ARTURO AND THE NAVIDAD BIRDS was awarded Second Place in the International Latino Book Awards for "Best Bilingual Children's Fiction Picture Book." These awards represent 18 countries and three languages (Spanish, Portuguese, English). The Awards are produced by Latino Literacy Now, an organization co-founded by Edward James Olmos and Kirk Whisler, and co-presented by Las Comadres para las Americas and Reforma, the National Association to Promote Library and Information Services to Latinos. Here's a list of all the winners.
You can order your copy of ARTURO AND THE NAVIDAD BIRDS from:
•your favorite independent bookstore (www.indiebound.org)
•other online retailers.
KIRKUS REVIEW September 1, 2013
A boy named Arturo decorates the Christmas tree with his grandmother, Abue Rosa, in this bilingual English/Spanish story.
As Arturo unpacks their box of ornaments, Abue Rosa explains the origin of each tiny family heirloom. Some are from her childhood; some were made by family members; others were gifts from friends. When Abue Rosa goes to the kitchen to check on dinner, Arturo unwraps a glass bird. As he runs and plays with the ornament, making the bird seem to fly, the glass bird hits the wall and breaks. Arturo unsuccessfully attempts to repair the bird and then tries to make amends by making a new, pine-cone bird for his grandmother. When he tearfully confesses to the broken ornament, his grandmother kindly comforts him and tells him the new bird ornament will remind her both of her grandson and of her friend who gave her the glass bird. Soft-focus illustrations create a dreamy quality, with scenes depicting the family stories for each ornament in paler hues in the backgrounds. The story is warm and sincere, with genuine emotions conveyed in the little boy’s attempt to make amends and his grandmother’s loving resolution to an unfortunate accident.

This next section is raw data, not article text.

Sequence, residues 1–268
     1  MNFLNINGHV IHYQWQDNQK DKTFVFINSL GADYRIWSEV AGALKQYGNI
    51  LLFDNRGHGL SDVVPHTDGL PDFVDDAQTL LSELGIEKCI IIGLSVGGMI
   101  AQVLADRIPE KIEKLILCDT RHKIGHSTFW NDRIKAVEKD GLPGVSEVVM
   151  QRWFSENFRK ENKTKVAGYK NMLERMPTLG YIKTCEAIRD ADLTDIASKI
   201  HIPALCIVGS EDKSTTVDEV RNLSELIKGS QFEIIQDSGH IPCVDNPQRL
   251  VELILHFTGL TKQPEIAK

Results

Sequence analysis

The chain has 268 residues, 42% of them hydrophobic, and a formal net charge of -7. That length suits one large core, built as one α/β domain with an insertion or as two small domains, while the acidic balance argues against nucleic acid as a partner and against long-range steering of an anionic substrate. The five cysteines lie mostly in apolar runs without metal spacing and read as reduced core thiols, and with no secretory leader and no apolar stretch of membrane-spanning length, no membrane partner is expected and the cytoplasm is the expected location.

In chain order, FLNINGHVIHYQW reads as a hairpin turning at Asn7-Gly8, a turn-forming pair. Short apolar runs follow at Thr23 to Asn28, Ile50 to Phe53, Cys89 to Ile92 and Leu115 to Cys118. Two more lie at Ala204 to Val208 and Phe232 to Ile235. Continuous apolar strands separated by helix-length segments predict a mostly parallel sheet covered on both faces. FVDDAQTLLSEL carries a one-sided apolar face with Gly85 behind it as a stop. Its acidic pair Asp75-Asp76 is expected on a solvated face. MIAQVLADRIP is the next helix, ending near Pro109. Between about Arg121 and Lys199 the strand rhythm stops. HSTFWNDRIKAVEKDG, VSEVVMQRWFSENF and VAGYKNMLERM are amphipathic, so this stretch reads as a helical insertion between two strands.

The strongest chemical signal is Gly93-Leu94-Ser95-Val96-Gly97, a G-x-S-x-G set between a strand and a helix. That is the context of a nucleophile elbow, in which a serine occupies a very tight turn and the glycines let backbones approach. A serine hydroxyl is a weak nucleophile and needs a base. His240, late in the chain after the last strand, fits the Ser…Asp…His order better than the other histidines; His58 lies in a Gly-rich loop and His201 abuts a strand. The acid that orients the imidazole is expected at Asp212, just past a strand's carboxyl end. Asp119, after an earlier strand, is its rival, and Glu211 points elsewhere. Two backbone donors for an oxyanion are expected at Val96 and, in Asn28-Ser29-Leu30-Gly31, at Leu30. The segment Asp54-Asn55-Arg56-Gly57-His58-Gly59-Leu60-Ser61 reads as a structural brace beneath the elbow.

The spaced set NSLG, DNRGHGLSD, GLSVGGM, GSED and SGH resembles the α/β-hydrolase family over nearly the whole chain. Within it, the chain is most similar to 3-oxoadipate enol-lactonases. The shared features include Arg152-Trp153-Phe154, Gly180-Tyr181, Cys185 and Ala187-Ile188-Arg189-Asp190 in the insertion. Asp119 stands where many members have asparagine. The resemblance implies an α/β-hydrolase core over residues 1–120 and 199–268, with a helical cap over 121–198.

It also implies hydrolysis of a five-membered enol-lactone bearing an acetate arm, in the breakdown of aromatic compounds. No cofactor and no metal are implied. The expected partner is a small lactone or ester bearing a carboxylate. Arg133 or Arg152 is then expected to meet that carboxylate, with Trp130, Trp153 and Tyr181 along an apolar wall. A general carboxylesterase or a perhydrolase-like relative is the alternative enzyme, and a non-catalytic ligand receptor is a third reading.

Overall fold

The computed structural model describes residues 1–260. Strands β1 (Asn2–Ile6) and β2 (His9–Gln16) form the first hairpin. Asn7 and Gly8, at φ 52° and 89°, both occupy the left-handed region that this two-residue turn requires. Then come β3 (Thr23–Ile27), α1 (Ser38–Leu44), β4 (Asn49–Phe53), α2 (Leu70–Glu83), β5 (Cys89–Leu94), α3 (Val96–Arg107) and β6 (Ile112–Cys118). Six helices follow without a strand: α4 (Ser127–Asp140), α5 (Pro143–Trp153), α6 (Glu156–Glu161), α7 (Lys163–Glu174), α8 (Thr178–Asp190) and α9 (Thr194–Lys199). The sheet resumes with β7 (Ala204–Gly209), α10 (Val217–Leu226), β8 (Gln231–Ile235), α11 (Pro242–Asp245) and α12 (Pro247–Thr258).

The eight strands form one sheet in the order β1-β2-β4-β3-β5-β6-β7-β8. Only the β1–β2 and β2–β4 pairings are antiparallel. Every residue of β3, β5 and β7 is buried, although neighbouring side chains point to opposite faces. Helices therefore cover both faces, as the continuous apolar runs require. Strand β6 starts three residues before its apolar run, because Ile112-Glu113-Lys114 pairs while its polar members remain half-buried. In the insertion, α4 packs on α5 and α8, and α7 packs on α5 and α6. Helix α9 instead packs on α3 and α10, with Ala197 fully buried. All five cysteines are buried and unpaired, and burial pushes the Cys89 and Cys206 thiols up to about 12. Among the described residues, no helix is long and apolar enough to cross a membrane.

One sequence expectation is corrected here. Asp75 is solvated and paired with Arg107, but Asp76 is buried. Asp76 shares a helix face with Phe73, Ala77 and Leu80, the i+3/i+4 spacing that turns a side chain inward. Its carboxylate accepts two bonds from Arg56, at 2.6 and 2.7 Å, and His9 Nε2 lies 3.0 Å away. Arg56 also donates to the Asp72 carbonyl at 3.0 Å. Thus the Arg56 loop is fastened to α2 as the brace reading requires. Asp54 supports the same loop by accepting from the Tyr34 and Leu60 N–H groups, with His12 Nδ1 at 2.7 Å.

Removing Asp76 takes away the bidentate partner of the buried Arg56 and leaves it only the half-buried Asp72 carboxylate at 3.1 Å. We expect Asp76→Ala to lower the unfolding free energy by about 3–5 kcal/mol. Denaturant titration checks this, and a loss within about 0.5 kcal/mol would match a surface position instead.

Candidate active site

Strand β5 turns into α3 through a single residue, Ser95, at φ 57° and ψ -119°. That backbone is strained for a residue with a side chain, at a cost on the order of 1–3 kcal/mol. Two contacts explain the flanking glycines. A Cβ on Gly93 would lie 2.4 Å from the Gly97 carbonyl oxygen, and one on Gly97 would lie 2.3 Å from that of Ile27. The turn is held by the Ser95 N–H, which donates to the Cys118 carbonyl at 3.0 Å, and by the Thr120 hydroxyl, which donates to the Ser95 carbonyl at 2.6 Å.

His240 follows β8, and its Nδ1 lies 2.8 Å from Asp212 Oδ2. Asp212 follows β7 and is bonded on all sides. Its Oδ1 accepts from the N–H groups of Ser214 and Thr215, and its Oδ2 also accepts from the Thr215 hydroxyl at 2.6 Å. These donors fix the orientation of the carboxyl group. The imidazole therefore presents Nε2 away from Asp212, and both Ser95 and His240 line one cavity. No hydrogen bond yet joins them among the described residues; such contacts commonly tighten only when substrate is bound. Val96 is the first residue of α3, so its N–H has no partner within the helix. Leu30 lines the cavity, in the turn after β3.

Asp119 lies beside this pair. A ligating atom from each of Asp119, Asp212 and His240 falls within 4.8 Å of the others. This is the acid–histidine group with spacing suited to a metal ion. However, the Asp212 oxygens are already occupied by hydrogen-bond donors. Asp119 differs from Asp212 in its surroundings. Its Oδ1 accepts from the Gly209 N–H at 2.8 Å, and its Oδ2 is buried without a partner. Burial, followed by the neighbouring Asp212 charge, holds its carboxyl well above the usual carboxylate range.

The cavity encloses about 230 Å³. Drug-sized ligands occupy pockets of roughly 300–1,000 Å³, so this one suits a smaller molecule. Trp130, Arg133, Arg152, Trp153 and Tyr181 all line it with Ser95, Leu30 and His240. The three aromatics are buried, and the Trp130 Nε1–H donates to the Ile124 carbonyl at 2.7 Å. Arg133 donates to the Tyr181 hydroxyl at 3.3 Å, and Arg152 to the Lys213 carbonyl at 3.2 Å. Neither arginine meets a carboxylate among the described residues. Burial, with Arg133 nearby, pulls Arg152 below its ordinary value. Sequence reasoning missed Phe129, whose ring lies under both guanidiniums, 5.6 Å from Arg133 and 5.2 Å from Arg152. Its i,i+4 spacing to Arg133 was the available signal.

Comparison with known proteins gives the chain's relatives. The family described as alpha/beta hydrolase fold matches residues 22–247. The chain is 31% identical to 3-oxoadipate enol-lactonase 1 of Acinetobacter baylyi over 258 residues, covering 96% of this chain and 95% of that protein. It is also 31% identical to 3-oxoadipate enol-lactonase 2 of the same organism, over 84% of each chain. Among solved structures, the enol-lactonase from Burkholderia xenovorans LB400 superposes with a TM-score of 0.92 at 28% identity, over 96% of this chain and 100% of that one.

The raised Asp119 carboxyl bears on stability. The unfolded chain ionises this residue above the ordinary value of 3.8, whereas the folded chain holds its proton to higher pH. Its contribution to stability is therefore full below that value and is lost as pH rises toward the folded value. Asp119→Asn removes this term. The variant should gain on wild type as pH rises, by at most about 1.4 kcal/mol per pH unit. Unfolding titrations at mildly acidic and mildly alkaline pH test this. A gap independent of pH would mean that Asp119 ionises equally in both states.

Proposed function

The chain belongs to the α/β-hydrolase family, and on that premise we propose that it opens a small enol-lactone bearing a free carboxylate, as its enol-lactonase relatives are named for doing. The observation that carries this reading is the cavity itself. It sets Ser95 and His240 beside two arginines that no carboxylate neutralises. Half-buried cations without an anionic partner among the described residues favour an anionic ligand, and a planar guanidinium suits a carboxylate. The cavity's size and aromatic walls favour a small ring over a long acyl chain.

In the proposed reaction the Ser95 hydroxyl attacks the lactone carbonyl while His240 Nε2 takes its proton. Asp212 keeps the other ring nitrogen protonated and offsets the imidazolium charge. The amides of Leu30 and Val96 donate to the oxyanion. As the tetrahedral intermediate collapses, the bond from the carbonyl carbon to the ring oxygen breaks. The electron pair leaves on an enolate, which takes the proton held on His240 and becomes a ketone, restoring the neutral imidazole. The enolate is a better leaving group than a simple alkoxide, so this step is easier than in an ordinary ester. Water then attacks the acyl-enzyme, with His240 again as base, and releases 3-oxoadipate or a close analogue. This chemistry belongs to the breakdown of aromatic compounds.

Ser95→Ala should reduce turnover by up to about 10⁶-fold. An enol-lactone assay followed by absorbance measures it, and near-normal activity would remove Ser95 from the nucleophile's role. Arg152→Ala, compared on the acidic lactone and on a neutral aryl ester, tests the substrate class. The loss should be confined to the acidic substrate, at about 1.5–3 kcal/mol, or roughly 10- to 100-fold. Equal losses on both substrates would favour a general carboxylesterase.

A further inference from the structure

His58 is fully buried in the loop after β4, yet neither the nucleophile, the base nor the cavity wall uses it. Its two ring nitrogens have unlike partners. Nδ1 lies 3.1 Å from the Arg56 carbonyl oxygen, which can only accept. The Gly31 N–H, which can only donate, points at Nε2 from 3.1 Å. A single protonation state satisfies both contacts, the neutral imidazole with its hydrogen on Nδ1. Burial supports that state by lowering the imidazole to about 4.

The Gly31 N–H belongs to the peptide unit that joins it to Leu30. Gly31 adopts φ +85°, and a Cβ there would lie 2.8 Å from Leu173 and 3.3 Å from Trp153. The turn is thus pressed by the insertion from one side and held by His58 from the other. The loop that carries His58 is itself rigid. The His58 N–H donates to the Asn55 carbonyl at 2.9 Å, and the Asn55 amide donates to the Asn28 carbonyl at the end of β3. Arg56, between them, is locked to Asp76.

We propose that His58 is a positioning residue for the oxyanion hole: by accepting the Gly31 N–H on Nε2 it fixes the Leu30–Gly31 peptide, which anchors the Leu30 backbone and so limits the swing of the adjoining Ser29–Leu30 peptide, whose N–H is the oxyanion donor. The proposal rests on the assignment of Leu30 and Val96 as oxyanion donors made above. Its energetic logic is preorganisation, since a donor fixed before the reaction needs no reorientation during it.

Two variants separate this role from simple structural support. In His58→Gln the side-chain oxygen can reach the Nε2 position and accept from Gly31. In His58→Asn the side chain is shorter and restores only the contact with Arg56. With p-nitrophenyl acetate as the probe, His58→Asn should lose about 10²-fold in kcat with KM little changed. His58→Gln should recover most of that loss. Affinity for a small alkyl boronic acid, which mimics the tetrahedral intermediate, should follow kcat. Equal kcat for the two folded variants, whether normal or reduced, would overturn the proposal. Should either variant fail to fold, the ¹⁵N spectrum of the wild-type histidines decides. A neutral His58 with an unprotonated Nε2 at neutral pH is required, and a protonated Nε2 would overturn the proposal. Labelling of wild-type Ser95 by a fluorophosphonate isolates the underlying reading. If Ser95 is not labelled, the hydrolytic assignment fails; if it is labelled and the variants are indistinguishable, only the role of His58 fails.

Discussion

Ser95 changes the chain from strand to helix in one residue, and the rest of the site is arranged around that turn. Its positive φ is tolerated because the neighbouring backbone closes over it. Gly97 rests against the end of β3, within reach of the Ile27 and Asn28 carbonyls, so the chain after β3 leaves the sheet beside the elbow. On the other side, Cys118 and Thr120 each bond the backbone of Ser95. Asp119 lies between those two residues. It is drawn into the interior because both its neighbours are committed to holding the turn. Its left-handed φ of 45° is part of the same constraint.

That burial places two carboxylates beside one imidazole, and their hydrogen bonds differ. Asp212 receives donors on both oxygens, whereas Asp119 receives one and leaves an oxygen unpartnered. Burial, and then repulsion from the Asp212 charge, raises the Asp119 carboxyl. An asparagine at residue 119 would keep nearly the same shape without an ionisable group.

An understated but solid story portraying strong family ties between grandmother and grandson. (Picture book. 4-8)
SCHOOL LIBRARY JOURNAL REVIEW October 1, 2013
Arturo and his Abue Rosa (grandmother) prepare to decorate their Navidad tree in this gentle bilingual story. As they carefully unpack the ornaments, Abue recalls memories of each one, some of which are from her childhood and some from dear friends and relatives. When Arturo accidentally breaks a precious glass bird (pajarito), he hides it and tries to create a replacement. The boy is wracked with guilt and finally confesses to Abue, who reassures him that people and memories are more important than things. The illustrations... are warm and cozy and a good match for the text. This story has a positive message that is relevant year-round. ( K-Gr 2)
~Madeline Bryant, Los Angeles Public Library